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Letter 69 | American Values Religious Voices

Letter 69

Brian Rainey

Assistant Professor of Old Testament
Princeton Theological Seminary

March 29, 2017

Dear President Trump, Vice President Pence, Members of the Trump Administration and 115th Congress,

I have been thinking about the verse: “For everyone to whom much is given, from him much will be required; and to whom much has been committed, of him they will ask the more” (Luke 12:48). Let us face facts: the United States has been given a great deal, much of it an accident of history or a result of sometimes less than honorable geopolitical strategy. Some might dare call our wealth and power a “blessing.” I certainly experience it as such, since by chance I was born an American. I did absolutely nothing to deserve the privileged circumstances in which I find myself. Whatever caused it, America’s great wealth and power—and indeed anyone’s wealth and power—should be a force for good rather than evil. We should be humbled, not ashamed or boastful, by how fortunate we are.

On a national level, the rhetoric and actions of our leaders should be full of pragmatic generosity rather than stinginess. Yes, there are limits to how much we can permit and provide. All nations have financial and security constraints. However, as a people to whom much has been given, our limits must be informed by a mandate to benefit others. We should institute policies that come from an honest but good faith assessment of the maximum we can provide for those in need, at home and abroad, without compromising our ability to be the best agent for good that we can be.

Whether we are speaking of government budgets, corporate balance sheets, or personal wealth, pragmatic generosity means that by cheerfully sharing our blessings with others, we ultimately enrich ourselves. To reach the practical, sensible goal of magnanimity being mutually beneficial for all, Scripture suggests we nurture our capacity for humility and generosity instead of giving into our propensity for cruelty and selfishness. In policymaking and personal choices, we would do well to keep in mind this biblical maxim: “Some give generously and gain all the more…A generous person will be enriched” (Proverbs 11:24-25).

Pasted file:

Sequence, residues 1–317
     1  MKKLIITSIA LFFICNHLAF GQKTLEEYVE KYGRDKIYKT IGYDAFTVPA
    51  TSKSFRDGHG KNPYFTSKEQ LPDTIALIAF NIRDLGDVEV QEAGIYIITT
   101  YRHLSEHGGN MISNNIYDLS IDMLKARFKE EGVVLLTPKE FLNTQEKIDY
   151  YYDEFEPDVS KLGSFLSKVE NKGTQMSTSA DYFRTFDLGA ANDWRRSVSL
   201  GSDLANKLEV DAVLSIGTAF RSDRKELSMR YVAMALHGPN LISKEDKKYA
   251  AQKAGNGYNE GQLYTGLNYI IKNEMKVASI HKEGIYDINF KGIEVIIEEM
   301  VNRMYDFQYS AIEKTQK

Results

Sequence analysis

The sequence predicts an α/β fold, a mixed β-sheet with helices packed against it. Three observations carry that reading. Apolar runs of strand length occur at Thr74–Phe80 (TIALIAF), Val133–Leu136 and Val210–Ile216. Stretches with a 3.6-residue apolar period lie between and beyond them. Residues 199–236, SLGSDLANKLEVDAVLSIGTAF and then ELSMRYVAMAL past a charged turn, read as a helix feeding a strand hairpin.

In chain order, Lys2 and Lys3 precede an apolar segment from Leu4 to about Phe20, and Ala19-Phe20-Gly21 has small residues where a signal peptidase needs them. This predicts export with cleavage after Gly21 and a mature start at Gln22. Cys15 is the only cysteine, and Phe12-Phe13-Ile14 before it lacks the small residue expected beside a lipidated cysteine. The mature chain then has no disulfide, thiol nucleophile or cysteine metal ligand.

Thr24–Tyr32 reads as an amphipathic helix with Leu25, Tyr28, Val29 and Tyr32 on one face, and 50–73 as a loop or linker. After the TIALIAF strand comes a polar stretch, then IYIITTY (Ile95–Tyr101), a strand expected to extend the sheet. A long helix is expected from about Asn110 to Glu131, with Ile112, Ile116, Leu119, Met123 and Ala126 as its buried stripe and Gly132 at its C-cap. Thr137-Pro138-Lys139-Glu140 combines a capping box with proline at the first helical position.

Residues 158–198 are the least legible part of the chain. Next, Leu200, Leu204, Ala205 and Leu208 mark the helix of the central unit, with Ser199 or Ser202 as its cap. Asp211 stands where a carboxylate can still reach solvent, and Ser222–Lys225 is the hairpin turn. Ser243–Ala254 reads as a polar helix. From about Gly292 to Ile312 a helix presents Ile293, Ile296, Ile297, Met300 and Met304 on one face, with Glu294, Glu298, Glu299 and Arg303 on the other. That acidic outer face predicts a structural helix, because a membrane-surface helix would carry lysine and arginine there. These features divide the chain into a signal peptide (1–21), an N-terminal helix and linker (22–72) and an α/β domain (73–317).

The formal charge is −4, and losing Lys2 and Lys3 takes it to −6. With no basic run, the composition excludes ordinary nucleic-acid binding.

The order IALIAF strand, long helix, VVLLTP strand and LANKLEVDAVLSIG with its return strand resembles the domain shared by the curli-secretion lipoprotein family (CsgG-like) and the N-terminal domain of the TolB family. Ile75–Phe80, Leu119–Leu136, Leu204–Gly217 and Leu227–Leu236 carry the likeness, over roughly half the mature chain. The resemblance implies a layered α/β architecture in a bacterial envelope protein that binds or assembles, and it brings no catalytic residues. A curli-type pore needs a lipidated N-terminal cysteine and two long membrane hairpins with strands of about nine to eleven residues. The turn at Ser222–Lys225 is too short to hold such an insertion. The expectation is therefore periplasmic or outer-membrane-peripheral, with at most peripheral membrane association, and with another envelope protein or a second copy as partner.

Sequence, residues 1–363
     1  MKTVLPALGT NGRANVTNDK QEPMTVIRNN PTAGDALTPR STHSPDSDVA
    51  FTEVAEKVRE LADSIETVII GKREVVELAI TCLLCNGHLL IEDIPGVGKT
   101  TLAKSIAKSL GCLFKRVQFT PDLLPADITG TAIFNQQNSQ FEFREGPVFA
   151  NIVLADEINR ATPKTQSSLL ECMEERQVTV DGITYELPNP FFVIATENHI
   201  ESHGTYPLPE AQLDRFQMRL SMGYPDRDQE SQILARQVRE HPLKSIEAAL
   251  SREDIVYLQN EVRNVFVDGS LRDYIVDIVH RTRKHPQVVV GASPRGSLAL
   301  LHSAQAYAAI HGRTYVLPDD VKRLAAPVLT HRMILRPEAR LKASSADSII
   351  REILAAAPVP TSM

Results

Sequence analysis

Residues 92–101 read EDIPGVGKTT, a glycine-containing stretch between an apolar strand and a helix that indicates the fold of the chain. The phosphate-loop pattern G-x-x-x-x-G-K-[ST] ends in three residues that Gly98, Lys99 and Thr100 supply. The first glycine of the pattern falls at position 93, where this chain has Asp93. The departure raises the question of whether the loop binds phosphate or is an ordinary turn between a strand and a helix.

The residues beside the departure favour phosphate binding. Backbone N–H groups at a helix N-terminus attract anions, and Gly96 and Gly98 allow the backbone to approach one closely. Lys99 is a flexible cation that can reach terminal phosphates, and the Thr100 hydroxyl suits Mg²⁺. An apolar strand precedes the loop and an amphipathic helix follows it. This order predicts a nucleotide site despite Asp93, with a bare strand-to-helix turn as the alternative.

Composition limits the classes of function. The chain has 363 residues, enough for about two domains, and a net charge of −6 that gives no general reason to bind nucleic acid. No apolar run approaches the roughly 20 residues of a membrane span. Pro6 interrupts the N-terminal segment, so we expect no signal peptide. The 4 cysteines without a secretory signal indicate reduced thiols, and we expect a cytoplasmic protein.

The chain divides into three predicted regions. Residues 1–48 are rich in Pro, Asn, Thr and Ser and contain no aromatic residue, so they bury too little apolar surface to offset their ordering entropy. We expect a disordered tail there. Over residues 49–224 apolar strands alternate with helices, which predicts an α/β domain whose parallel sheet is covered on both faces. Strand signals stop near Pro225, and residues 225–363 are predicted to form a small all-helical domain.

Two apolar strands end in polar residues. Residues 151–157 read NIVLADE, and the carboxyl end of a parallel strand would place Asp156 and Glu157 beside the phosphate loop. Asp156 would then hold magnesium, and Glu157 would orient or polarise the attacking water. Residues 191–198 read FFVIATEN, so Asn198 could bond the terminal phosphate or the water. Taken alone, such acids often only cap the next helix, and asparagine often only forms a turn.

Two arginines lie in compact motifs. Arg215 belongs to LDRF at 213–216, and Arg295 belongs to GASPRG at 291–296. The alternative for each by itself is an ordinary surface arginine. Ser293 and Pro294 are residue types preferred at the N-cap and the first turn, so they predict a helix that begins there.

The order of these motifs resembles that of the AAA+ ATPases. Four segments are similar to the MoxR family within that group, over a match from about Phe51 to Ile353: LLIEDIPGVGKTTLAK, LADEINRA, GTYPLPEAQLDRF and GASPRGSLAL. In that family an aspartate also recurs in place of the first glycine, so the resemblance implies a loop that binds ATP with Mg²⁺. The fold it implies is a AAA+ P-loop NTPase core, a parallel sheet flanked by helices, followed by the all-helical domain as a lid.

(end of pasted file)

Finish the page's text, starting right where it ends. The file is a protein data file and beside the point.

Yours in Christ,

Brian Rainey

Brian Rainey
Assistant Professor of Old Testament
Princeton Theological Seminary

 

About the author

Brian Rainey, Assistant Professor of Old Testament at Princeton Theological Seminary, earned his MDiv from Harvard Divinity School and his Ph.D. from Brown University. He studies ethnicity in the Hebrew Bible and ancient Near East and is fascinated by the way in which contemporary Christian and Jewish communities bridge the gap between modern ethical concepts and the ethically problematic social context of the Bible. Other interests include Assyriology, biblical mythology and Christian theology, and the development of monotheism in the ancient world.